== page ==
Alternatively referred to as digitally signed, a digital signature is a mathematical scheme used to verify the authenticity of a digital document or message. They are used when determining authenticity and avoiding tampering are important, such as in financial transactions.
Digital signatures are often used as a means to implement electronic signatures that are encrypted. These security measures allow for both authentication and non-repudiation (the signer cannot deny signing a document while claiming his/her private key has not been compromised).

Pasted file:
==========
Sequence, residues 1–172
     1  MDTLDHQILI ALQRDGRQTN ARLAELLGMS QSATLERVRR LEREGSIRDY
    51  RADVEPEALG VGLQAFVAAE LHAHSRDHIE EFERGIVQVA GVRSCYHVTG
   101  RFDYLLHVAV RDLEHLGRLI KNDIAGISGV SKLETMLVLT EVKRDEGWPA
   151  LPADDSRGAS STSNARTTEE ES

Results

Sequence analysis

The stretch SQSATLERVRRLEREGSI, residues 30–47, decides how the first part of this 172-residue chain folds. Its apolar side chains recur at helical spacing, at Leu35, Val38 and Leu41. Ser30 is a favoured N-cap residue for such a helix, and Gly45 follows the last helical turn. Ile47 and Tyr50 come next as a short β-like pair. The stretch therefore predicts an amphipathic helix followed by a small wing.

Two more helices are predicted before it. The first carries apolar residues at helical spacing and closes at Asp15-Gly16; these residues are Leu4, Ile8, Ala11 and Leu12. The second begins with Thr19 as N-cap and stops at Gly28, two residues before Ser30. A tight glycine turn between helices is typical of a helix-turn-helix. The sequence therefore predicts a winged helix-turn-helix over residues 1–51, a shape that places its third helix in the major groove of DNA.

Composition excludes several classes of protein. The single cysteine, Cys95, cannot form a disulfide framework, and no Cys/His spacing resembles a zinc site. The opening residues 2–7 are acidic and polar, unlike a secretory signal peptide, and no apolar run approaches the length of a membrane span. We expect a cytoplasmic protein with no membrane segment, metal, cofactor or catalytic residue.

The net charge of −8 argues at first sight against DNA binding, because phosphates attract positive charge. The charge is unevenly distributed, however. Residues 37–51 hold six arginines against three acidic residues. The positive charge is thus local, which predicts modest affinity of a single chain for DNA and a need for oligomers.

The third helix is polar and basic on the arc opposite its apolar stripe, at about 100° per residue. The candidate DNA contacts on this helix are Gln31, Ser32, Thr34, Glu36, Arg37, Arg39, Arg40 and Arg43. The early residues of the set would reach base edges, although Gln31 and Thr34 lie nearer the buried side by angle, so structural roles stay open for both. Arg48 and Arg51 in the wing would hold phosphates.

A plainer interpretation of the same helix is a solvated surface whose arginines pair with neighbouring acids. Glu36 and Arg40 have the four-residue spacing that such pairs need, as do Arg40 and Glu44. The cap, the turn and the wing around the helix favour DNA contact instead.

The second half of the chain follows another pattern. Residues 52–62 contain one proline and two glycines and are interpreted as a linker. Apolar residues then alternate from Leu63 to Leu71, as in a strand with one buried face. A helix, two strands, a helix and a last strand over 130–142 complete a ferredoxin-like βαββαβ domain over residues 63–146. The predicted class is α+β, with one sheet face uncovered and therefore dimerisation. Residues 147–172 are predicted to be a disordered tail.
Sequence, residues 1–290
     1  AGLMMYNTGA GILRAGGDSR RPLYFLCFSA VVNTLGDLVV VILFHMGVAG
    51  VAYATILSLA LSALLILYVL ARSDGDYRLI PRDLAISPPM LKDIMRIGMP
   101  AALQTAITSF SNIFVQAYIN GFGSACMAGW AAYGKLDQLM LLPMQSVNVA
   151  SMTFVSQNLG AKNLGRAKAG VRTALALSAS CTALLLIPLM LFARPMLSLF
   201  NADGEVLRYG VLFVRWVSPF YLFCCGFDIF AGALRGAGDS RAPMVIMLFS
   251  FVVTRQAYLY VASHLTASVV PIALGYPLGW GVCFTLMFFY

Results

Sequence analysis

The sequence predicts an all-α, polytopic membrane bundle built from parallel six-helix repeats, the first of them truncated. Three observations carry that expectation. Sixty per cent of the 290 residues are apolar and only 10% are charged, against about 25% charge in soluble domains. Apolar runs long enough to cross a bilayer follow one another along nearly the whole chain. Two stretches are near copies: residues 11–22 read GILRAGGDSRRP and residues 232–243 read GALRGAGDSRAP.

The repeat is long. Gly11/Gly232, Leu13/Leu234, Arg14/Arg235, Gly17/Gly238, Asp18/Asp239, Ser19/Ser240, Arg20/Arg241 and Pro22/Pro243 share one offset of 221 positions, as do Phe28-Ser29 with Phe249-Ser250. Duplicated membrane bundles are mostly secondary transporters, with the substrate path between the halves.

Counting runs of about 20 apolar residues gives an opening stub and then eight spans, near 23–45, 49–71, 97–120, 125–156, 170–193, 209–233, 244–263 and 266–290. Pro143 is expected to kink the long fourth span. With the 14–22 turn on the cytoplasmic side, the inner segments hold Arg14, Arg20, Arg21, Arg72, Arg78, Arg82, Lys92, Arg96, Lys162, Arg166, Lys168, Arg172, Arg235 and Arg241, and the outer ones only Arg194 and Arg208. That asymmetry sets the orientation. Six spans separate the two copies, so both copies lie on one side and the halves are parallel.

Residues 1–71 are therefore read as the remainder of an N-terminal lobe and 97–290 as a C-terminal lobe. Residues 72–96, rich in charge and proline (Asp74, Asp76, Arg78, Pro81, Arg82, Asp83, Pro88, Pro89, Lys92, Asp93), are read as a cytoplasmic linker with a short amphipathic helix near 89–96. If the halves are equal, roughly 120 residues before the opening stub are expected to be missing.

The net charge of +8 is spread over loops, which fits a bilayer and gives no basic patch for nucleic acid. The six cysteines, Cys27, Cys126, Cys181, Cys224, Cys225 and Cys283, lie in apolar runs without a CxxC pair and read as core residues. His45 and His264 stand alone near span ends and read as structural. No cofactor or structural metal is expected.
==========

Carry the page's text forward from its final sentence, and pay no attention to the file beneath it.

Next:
A digital signature can be broken down into three parts: A key generation algorithm, a signing algorithm, and a signature verifying algorithm. The key generation algorithm selects a random private key from a set of possibilities and sends the private key with a related public key. The signing algorithm produces a signature based on the message and the private key. Finally, the signature verifying algorithm accepts or rejects the authenticity of the message when provided with the message, signature, and public key.